With so many debatable topics discussed in today’s media, there’s one thing that most people can agree on: knowledge is power. Knowledge is powerful enough to expand people’s minds and help them in a variety of ways. That was certainly the case for the 3 alumnae that spoke for the Women, Gender and Sexuality Studies department this past week.
On Wednesday February 3, 2021, the Women, Gender and Sexuality Studies department held an event where the aforementioned alumnae, Angela Rozmus, Madeline Schutt and Jasmine Payne, spoke about how the minor affected their experience both during and after their time at Longwood. This was the first event of the semester in the “Wednesdays with Women, Gender and Sexuality Studies” speaker series.
Due to COVID-19 guidelines, this event was held via Zoom. Approximately 50 students and faculty members were in attendance.
After transferring from another college, Rozmus found the minor as a way to help with her goal of becoming a legal advocate. Schutt now works at Longwood in the Office of Disability Resources and previously worked as a school counselor. Once she completed graduate school, Payne went onto work in a private practice as a therapist.
The one thing that the 3 women have in common is a desire to understand the mental health needs of others.
Towards the beginning of the discussion, they each reminisced about their days at Longwood and how the Women, Gender and Sexuality Studies minor benefitted their career paths.
During the Q&A part of the discussion, Schutt said, “I am a big proponent of looking at the whole person, probably because of my background in the minor and psychology. People have so many different identities...My big thing I’ve gained is if I can help individuals advocate for themselves.”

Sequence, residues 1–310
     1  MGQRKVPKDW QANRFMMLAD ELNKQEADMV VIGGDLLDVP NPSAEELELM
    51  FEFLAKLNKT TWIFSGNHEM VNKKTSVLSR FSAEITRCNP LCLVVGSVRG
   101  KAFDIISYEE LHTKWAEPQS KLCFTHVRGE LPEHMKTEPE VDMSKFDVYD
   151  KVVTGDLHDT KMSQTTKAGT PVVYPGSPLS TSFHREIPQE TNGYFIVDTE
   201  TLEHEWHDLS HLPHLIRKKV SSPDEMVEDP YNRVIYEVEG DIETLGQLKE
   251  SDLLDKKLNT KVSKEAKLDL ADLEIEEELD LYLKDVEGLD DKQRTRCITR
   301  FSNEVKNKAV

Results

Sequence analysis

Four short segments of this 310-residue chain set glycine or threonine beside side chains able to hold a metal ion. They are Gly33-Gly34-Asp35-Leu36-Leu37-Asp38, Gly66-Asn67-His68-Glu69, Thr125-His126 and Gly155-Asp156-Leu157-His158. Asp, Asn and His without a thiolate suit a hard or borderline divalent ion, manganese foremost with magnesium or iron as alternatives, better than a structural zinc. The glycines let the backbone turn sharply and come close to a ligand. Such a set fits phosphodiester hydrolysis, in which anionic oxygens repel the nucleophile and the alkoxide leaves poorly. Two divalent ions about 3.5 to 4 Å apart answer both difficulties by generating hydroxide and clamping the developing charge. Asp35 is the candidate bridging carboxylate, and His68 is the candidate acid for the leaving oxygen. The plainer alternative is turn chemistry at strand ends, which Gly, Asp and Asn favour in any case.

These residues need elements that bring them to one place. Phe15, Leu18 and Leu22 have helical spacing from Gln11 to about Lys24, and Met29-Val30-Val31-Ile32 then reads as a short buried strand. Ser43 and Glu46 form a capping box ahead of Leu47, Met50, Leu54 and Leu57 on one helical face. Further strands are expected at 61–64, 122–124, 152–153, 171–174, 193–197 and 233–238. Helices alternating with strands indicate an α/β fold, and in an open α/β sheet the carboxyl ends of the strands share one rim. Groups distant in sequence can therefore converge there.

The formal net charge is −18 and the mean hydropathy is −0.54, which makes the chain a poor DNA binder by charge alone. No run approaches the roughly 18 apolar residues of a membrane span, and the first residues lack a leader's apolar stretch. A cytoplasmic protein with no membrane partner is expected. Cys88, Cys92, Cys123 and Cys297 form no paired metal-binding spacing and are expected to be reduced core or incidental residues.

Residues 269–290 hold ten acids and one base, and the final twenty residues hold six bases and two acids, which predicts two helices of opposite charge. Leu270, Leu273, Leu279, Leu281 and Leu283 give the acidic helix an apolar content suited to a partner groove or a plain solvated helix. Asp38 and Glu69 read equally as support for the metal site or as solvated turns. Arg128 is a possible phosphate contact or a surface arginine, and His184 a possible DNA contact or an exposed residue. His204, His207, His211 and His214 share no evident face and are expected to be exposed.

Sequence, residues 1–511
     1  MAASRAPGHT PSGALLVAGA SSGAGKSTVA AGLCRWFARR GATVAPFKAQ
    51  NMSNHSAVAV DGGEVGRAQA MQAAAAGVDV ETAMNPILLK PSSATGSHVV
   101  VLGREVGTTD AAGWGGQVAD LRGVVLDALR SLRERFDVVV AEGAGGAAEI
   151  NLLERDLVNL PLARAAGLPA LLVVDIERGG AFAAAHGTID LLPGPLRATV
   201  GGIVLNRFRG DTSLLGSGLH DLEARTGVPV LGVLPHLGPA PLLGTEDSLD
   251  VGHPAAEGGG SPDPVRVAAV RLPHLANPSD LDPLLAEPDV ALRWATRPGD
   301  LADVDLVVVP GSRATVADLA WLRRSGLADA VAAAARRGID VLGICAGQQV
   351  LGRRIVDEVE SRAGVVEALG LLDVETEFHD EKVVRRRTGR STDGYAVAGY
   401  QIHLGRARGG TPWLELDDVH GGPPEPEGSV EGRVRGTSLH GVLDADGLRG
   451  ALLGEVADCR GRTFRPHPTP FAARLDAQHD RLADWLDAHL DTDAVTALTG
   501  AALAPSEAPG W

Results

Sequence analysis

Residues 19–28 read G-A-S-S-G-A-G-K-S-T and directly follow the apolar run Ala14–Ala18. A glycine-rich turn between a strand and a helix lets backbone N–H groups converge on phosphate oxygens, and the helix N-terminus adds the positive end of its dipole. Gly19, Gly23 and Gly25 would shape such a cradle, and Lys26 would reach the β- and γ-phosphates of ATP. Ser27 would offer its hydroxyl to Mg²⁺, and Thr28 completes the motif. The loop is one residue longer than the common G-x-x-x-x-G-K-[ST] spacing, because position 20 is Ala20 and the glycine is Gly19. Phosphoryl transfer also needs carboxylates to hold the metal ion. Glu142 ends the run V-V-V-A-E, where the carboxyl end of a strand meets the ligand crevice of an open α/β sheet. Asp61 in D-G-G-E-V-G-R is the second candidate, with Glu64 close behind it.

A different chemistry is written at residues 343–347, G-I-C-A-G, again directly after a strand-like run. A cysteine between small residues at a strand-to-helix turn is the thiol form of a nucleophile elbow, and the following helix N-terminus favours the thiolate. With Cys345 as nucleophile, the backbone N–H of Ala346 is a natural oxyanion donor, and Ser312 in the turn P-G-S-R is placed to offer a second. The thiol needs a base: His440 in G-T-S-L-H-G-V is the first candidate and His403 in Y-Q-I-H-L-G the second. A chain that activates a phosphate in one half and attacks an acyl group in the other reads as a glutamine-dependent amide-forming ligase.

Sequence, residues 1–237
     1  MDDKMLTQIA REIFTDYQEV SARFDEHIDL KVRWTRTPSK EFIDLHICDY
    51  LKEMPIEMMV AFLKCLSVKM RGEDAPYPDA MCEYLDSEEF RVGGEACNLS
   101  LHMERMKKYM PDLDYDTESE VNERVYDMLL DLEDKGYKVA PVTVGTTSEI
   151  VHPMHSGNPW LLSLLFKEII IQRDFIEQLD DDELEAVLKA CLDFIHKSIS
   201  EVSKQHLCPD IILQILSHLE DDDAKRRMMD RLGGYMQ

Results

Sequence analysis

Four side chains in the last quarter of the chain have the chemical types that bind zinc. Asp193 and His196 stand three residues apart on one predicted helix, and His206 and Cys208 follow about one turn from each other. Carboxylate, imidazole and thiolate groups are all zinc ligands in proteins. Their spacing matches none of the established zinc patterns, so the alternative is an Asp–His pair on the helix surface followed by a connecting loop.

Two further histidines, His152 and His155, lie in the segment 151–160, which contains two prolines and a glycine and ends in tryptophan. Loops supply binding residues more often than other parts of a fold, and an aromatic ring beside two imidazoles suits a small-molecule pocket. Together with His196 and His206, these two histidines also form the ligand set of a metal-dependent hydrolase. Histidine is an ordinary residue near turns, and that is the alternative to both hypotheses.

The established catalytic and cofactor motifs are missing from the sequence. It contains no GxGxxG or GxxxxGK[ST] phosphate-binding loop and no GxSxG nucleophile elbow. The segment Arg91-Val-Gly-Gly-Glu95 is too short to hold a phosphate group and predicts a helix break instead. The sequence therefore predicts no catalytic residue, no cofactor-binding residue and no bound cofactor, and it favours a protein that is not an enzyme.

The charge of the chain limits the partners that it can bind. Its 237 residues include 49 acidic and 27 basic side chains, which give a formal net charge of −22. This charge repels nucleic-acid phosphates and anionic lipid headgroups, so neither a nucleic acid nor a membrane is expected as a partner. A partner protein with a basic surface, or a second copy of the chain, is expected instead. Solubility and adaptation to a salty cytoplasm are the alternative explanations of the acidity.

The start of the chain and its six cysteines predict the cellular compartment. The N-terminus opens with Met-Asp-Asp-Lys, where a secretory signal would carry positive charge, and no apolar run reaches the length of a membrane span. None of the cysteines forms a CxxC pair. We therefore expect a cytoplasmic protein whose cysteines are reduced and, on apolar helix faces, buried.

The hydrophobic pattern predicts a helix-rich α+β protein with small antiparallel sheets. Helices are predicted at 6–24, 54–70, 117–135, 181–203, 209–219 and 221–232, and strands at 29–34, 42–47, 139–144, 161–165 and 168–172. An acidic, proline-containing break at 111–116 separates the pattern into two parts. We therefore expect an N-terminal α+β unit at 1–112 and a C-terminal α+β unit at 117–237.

Much of the interactive discussion between the attendees and the alumnae emphasized the necessity of this minor.
Scott Grether, assistant professor of Sociology and co-director of Women, Gender and Sexuality Studies, co-hosted the Zoom event with Melissa Kravetz, who is also co-director of the program. He started working at Longwood in the fall of 2018.
When asked how the minor program affects the sense of community Longwood students feel, Grether stated, “I think because women, gender and sexuality studies is a minor, it's much easier to know people individually and get to know each other individually; as a way to sort of facilitate discussion because it’s a smaller group, you have a better chance of getting to know other people.”
As a sociology professor, Grether invests in students making connections, cares about inequality issues that involve gender and sexuality and incorporates research on important matters like this into his day-to-day teaching.
For college students, picking up a minor usually involves taking a range of 15 to 18 credits, but the knowledge and benefits gained from it can be a major influence for some.
When thinking of what the minor has to offer students at Longwood, Grether mentioned, "What I hope people take away [from the speaker series events] is that this is more than a field of study; this is also what students are learning about. This kind of thinking, it also helps you become a better person. The types of topics that students learn about in these courses are very applicable to your everyday life.”
While events like this often start out as simple discussion, the sense of community that Longwood takes pride in presents itself through the bond that people share when talking about the kind of important topics that the Women, Gender and Sexuality Studies program revolves around.
The next event in the Wednesdays with Women, Gender and Sexuality Studies speaker series will be held on March 4, 2021 at 5 p.m. via Zoom, with a featured speaker in honor of Women’s History month.